Laptops: necessity or accessory?

Laptops: necessity or accessory?

Anna Mason, Editor-in-chief

Following the Baltimore County school board’s approval of a $140 million technology contract with Daly Computers in April 2018, laptops were issued to the student body, in its entirety, approximately three weeks after the start of the school year. The program seeks to expand a pre-existing four-year-old technology proposal into high schools through rolling out 133,000 devices. The device contract was implemented this year because if it had not been, the county’s lease would have expired. According to the county, the new devices will “open up a world of learning opportunities.”

Students and teachers alike have been transitioning to the initiative, with teachers in particular taking a variety of approaches to supplement devices previous long-standing lesson plans with devices.

English teacher Britta Schaffmeyer believes that technology is essential for preparing students for college and future careers, and has enjoyed the guarantee that students will have access to online materials, a guarantee that laptop carts could previously not provide.

“I’ve been trying to infuse technology in my teaching since we’ve had the laptop carts,” Schaffmeyer said. “Otherwise, I’m just making my students ill-prepared for college anyway.”

Nevertheless, the introduction of laptops has not changed the teaching style of computer science teacher Nathanial Cool, who still prefers to use desktops. On the other hand, statistics teacher Victoria Bracken cited the opportunities created by the laptops during class and at home.

“On a snow day, to put a quiz on Schoology and grade it quickly–you could’ve done that before on Engrade, but you couldn’t expect every student to have a computer to complete it,” Bracken said.

Despite not currently utilizing devices in his classes, Cool acknowledged the benefits devices could provide both now and in the future.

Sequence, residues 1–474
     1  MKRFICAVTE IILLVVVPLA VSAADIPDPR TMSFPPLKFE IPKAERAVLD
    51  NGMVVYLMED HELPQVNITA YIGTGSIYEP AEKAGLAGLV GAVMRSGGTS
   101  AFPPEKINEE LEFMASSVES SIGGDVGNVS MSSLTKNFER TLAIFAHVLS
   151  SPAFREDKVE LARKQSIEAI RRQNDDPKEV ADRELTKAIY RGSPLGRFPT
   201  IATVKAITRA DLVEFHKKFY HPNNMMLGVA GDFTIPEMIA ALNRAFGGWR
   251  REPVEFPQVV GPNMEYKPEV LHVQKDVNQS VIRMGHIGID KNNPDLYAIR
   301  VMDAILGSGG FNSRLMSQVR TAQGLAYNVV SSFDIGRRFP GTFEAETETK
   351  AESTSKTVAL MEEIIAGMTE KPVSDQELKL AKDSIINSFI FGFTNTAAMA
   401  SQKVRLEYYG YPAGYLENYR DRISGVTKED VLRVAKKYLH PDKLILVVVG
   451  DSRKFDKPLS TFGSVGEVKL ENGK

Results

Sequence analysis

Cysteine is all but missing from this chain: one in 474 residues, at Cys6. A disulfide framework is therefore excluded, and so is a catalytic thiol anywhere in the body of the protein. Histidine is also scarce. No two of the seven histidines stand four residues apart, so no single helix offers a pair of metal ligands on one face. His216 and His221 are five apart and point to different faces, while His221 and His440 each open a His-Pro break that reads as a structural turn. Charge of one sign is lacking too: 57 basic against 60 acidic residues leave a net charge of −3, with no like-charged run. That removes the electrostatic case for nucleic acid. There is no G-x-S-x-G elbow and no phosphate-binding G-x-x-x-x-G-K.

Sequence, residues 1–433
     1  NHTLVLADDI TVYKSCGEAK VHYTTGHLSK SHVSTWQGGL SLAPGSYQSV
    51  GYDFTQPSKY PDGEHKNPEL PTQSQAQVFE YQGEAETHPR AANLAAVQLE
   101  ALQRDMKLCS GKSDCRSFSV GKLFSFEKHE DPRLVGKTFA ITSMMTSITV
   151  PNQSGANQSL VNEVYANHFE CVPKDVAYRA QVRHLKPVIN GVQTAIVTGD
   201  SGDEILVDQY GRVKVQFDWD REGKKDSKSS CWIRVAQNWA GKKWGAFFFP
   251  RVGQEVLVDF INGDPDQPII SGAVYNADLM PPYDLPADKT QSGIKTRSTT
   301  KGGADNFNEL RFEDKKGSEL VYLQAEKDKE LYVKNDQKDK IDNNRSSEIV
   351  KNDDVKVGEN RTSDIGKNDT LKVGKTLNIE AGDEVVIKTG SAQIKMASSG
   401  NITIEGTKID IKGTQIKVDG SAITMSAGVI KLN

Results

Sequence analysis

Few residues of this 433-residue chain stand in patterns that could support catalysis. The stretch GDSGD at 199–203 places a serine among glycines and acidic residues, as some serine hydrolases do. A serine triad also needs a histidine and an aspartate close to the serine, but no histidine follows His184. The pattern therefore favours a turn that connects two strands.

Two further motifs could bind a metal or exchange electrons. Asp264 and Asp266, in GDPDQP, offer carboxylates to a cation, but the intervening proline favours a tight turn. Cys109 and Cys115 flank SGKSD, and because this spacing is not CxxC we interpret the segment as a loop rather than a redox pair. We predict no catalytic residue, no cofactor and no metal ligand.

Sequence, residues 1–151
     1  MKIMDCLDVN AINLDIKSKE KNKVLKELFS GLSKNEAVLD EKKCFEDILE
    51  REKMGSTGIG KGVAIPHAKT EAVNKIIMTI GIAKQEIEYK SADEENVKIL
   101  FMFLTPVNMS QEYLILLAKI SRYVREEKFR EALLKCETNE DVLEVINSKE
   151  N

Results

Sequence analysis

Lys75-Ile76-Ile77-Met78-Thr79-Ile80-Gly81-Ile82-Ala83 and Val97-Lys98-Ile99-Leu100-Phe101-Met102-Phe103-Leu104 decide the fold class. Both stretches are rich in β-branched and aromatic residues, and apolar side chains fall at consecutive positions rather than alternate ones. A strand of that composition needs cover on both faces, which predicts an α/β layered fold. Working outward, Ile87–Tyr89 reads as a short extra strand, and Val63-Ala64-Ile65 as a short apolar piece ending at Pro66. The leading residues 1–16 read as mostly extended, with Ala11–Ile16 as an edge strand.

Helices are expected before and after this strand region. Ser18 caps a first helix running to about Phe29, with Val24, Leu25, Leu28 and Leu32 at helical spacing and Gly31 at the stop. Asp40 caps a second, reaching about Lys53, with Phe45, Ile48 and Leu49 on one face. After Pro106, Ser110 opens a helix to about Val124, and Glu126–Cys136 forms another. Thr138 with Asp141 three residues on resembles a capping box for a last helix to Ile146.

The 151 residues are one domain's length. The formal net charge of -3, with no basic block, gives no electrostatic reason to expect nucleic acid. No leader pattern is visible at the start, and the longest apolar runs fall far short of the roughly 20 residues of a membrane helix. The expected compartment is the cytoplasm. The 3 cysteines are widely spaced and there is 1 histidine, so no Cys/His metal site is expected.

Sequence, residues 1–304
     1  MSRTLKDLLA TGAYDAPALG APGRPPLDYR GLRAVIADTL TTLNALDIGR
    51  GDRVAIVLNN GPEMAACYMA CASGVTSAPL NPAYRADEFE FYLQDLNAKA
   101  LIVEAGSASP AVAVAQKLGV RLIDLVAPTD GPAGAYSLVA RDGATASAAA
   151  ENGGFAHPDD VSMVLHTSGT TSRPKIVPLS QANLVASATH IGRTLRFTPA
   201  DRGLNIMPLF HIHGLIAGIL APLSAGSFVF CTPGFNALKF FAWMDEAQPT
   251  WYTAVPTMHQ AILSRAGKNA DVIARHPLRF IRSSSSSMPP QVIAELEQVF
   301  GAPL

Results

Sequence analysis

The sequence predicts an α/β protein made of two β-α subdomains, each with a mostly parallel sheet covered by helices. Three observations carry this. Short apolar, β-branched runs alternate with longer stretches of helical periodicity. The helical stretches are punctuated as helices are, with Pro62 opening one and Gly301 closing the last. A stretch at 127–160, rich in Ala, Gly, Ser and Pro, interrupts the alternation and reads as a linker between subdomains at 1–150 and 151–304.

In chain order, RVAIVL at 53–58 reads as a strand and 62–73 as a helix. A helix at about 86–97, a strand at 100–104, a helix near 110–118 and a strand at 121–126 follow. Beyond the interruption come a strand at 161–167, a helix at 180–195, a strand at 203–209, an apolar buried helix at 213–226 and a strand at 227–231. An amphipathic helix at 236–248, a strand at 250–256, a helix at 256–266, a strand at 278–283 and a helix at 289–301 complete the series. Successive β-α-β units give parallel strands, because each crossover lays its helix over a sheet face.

“Having laptops opens up a sea of digital resources for teachers to use,” Cool said.

In particular, teachers, including Schaffmeyer, praised the equitability provided by the devices.

“Baltimore County Public Schools is setting up a situation where all students will have equitable access to computers and online learning,” she said. “And I think that that is a responsibility of a public school system–to make sure that all students do have accessibility to what they need in order to learn.”

In a county where 44 percent of students who eat school meals qualify for free or reduced lunches, technology liaison Matthew Lovett says that laptops can help level the playing field and bridge the gap between those who can and cannot afford technology.

Senior tech intern Ridhi Kamboj says that despite her initial reluctance over the costs of the laptops, she now recognizes the role they play in the lives of students.

“It’s a resource to many kids who don’t have what they need to be successful in school,” said Kamboj.

However, persistent technological issues ranging from the school’s Wi-Fi to battery failures have plagued faculty and students. According to a survey administered to English classes, 65 percent of students have experienced some form of technological difficulties with their devices.

“The internet reliability issues caused by the influx of laptops was definitely a problem,” Cool said while citing the drawbacks his computer science classes have faced.

In addition to concerns about technological issues, senior Cindy Shou believed that the county did not take into account the opinions of the student body while creating the initiative and that the price tag does not justify their use.

According to the aforementioned survey, despite 84 percent of students claiming to regularly bring their device to school, just 28 percent described their in-school laptop use as “very frequent.” Additonally, just 12 percent of students claim to use the devices for activities not related to schoolwork. Regarding the overall usefulness of devices, the majority (56 percent) are indifferent.

At the end of this school year, students will return their laptops, cases and chargers, and next year, the devices will be scanned back out. Despite the county choosing to distribute 11 inch HP ProBooks due to their relative durability, students and faculty raised concerns about their sustainability.

“In a year or two it’ll be outdated—it’s already outdated because the core processor isn’t as advanced as the one in my home computer,” Shou said.

Bracken agreed, describing concerns that may arise in the years to come.

“I think it’s great this year, because everybody’s got their brand-new device,” she said. “How are students going to feel next year when they’ve taken good care of theirs but they get back a device that wasn’t well cared for?”

Regarding the future of devices, faculty members cautioned that laptops cannot provide across-the-board solutions for any one particular issue and cannot replace the value of teacher retention.

“We must always remember, the computer is no more and no less a tool to be used to learn and interact,” Assistant Principal Christopher Parker said. “It is not a single answer to all things.”

Staff writers Anna Boland and Owen Campbell contributed to this report.